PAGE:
As a final observation regarding the smart use of references, well-written articles and books have very thoughtfully constructed titles and will convey meaning and insight as to the main thrust of their content. For the reader with the time to do so, it is worth looking at these GBS Blog post reference titles as they arise to garner further insight on the scope of the work being cited.
A case for optimism…
Much is made of the impact of social media being excessively negative and there does seem to be an air of doom and gloom if one is foolish enough to get sucked into its sticky entrails or become hooked on 24/7 rolling news channels and excessively buzzy newsfeeds: they have to say something and bad news sells. Much of the print media are desperate and with good reason. Even ‘quality’ newspapers are being seduced by the seductive powers of ‘clickbait’ in their online presence.
Despite the vitriol to be found in the comments section of otherwise reasonably-well balanced journalism and the rampant trolling found in social media more generally, there is a case to be made for optimism. In 2018 the highly respected linguist, author and philosopher Steven Pinker provided welcome respite from the aforementioned ‘doom and gloom’ with a reassessment of humanist progress and a renaissance of the enlightenment philosophy, and he did so with reference to strong ideas and hard statistics: we are, for the most part, leading much better lives from many dimensions of measurable and/or intangible perspectives (Pinker, 2018).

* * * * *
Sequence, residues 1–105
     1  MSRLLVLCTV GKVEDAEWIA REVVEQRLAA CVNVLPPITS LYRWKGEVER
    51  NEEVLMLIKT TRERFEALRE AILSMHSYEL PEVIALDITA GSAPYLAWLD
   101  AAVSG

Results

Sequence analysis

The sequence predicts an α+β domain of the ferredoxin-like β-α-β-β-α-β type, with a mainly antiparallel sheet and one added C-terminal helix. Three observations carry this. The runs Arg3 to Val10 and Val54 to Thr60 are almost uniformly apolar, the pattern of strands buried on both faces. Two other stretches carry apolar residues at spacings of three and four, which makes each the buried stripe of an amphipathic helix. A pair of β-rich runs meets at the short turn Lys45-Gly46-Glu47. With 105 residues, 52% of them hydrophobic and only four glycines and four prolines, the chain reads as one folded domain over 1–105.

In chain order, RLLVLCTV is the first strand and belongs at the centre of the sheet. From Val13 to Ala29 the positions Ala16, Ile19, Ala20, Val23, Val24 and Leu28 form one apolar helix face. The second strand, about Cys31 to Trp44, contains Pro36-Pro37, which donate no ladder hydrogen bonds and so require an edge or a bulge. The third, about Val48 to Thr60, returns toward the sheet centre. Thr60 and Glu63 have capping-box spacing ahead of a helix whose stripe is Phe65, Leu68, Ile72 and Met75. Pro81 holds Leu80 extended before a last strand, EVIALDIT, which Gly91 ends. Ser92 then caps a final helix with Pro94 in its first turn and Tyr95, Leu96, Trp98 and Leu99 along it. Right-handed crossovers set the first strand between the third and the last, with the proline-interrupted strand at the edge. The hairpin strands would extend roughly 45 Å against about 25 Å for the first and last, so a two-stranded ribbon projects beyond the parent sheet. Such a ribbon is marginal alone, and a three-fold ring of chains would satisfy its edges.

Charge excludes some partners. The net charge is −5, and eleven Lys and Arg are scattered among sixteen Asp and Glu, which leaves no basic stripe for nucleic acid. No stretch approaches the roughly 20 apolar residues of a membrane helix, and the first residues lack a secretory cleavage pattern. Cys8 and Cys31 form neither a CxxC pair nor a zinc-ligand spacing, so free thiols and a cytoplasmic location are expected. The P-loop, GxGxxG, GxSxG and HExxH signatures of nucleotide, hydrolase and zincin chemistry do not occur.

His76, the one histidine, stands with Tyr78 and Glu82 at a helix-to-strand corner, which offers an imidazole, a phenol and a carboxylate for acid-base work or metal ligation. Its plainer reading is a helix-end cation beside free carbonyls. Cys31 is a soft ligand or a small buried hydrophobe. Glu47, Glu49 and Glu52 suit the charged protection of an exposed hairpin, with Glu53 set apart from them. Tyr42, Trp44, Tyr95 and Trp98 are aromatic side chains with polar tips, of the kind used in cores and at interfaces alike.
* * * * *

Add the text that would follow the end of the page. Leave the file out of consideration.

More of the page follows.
The philosophy of this GBS Blog is based on objective analysis, robust critique and positive insights for the effective design and implementation of competitive global business strategies.
In the current climate of looming trade wars and the ongoing EU/Brexit drama the business mood is dark. But for many reasons and on many fronts, opportunities abound for positive personal and organizational development. This is the conclusion drawn in the Epilogue of Outside Fortress Europe which opens with a quotation from the Victorian philosopher and philanthropist John Ruskin (1819-1900):
Sunshine is delicious, rain is refreshing, wind braces us up, snow is exhilarating; there is really no such thing as bad weather, only different kinds of good weather.
Our glass is half-full…
Pinker, S. (2018). Enlightenment Now: The Case for Reason, Science, Humanism and Progress. London: Viking.
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All content © Colin Edward Egan, 2019